Navigating late slash end career Monkees is a perilous minefield. HEAD (previously, previouslier) has with the luxury of time evolved from embarrassing boondoggle to a challenging and experimental piece of cinema admired for it's utter determination to be challenging and experimental. 33 1/3 Revolutions Per Monkee has not enjoyed the same fate. [more inside]
60 years ago, two moments in musical history took place in Cleveland, Ohio: The first, being the original Moondog Coronation Ball, hosted by disc jockey Alan "Moondog" Freed; the event was hailed as the first ever rock concert, and continues in spirit with a commemorative anniversary performance featuring Mickey Dolenz of the Monkees, Sam Moore, and Creedence Clearwater Revisited. The second event was the subsequent riot which broke loose that evening, when a printing error on the venue's tickets caused twice the audience's standing capacity to be sold. Frustrated and impatient concertgoers surged into the building, which led to cancellation, a formal apology from Freed, and the cementing of the 50's music scene as dangerous and unruly.
The Monkees Sing Ríu Ríu Chíu -- a traditional Spanish Christmas Carol. (SLYT)
The Monkees' Head: 'Our fans couldn't even see it' At the height of their fame, the Monkees teamed up with Jack Nicholson to film the psychedelic classic Head – and destroy their careers in the process. So how do they feel about it now? [more inside]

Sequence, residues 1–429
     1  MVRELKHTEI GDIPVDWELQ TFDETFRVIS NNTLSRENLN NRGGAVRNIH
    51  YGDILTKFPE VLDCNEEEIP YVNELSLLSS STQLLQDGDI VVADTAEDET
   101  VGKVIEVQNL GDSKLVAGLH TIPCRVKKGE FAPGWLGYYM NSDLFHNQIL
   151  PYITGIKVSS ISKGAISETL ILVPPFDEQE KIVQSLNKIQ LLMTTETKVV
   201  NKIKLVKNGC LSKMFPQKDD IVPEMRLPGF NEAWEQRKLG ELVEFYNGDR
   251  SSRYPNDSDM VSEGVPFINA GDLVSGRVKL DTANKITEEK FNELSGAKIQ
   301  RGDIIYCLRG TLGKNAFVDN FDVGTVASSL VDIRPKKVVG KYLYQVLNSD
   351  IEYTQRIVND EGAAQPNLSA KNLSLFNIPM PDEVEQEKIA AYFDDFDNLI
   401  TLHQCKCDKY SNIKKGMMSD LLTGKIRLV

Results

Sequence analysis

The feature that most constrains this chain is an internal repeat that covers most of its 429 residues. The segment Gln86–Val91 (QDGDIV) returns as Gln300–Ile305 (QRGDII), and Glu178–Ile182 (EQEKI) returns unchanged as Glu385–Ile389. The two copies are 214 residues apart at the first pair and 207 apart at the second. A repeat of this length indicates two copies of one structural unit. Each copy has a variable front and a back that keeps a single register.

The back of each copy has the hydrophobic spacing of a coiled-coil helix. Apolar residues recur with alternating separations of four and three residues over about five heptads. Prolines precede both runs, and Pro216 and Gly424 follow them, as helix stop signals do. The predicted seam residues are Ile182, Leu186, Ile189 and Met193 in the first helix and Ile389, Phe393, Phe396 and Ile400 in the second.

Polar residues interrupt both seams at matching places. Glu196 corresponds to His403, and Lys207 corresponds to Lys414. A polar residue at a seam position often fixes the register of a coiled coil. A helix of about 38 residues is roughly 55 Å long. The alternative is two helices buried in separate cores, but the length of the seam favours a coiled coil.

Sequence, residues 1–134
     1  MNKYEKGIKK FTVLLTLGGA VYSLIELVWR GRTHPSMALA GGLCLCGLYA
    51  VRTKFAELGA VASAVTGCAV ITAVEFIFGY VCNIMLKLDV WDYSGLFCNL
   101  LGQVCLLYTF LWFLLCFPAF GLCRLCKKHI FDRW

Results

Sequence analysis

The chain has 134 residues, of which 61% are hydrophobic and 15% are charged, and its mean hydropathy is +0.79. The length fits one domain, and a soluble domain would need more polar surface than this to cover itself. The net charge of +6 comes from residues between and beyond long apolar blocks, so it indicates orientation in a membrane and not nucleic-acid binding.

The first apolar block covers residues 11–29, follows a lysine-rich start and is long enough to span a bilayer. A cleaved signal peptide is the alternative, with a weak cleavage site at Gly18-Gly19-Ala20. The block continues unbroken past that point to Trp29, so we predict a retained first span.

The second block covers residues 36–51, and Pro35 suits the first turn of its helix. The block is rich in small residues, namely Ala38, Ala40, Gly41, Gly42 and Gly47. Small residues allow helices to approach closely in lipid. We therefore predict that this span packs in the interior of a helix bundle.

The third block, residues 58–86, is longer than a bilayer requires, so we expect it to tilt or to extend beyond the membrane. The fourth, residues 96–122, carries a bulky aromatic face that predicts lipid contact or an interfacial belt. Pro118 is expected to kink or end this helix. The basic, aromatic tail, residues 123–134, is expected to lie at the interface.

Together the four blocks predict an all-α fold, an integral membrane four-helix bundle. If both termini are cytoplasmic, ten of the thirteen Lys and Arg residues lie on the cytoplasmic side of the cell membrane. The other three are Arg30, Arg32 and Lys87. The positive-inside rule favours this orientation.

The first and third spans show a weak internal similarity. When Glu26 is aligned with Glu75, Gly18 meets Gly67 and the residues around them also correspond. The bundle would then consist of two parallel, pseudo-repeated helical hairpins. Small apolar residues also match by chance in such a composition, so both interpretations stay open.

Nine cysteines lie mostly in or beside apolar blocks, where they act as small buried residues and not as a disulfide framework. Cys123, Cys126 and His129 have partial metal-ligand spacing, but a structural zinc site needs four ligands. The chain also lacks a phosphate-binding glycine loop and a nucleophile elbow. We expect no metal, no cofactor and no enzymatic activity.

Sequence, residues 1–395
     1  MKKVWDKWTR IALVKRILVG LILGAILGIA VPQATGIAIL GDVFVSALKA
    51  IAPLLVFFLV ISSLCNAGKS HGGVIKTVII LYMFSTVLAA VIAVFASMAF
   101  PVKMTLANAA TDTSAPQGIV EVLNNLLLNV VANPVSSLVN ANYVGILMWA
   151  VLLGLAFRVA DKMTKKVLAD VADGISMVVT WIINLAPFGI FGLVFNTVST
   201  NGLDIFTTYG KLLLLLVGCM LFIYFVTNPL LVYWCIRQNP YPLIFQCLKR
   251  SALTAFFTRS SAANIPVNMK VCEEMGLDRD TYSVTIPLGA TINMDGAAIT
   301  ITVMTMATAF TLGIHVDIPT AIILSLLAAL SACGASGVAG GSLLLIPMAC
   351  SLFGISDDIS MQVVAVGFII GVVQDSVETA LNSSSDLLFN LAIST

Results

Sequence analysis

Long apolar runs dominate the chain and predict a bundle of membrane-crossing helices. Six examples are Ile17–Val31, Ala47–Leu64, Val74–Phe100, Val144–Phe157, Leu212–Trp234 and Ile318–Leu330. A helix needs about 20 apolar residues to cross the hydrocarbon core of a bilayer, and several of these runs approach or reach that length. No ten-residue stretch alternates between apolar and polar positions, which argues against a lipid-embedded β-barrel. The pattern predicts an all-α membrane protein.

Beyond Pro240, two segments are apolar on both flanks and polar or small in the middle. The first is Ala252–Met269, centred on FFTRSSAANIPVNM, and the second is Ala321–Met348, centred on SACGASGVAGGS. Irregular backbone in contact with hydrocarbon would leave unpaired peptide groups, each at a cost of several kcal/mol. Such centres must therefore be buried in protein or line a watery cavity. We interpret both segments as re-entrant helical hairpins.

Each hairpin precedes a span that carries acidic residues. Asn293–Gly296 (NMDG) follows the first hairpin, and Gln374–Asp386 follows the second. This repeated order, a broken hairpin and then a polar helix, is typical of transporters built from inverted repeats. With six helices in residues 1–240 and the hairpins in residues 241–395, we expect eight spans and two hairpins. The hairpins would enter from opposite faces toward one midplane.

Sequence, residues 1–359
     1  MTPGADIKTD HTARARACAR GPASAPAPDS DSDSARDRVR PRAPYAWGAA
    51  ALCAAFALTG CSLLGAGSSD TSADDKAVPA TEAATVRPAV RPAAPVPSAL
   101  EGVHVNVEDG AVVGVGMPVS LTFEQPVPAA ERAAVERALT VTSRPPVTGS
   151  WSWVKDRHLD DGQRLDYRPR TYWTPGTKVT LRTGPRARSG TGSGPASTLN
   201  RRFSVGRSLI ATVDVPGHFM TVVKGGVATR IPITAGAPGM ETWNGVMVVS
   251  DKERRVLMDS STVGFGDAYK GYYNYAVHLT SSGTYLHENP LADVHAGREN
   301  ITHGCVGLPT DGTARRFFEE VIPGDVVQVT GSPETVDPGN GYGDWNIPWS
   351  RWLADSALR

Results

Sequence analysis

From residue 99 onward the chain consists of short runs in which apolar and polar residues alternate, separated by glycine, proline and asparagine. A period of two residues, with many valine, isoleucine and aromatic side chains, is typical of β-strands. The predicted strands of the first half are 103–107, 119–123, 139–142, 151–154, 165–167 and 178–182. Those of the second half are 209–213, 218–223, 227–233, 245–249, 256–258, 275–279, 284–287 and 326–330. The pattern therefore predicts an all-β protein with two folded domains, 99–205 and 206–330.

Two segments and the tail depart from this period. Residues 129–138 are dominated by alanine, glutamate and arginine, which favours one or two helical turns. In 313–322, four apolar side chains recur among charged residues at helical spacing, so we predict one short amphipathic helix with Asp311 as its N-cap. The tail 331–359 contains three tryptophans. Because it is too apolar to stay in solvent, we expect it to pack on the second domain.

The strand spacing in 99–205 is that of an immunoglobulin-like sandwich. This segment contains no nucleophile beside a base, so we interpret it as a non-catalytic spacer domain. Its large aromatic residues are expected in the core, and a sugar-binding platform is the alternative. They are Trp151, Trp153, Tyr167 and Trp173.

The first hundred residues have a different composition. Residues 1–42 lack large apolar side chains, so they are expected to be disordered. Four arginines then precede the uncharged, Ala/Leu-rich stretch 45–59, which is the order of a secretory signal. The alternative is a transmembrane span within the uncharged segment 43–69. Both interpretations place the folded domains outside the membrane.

Lucy and Ramona, cruisin' through the jungles of L.A. • How to achieve Neighborhood Nuclear Superiority • Name That Drug! •
Joanne Rodanne • Marketing Strategies of Detroit Car Makers • In 1981, Michael Nesmith (well-known for being the heir to the Liquid Paper empire, inventing MTV, and other things) released Elephant Parts, which went on to win the first Grammy Award for Video of the Year. Here's more from Elephant Parts.
Beep boop beep! If you wish to become a Touch Tone Genius, you must first practice the Telephone Keypad. Start with the standards -- sheet music and mp3 samples can be found at these two sites. Once you've mastered the easier songs, you can move on to the more challenging classical pieces, like Mozart's Turkish Rondo (K331) for Two Office Phones and Two Cellular Phones. Just don't dial any real phone numbers; that could be a violation of copyright.
In the latest salvo of the marketing wars, London ad agency Saatchi & Saatchi has taken the unique step of creating a new pop band that combines all the manufactured charm of the Spice Girls with all the serious musical chops of a female version of N'Sync (or, for the Brits out there, a female version of "Take That"). The band has yet to have a name, but they will be available to directly promote whatever item corporate sponsors pay Saatchi to have them promote.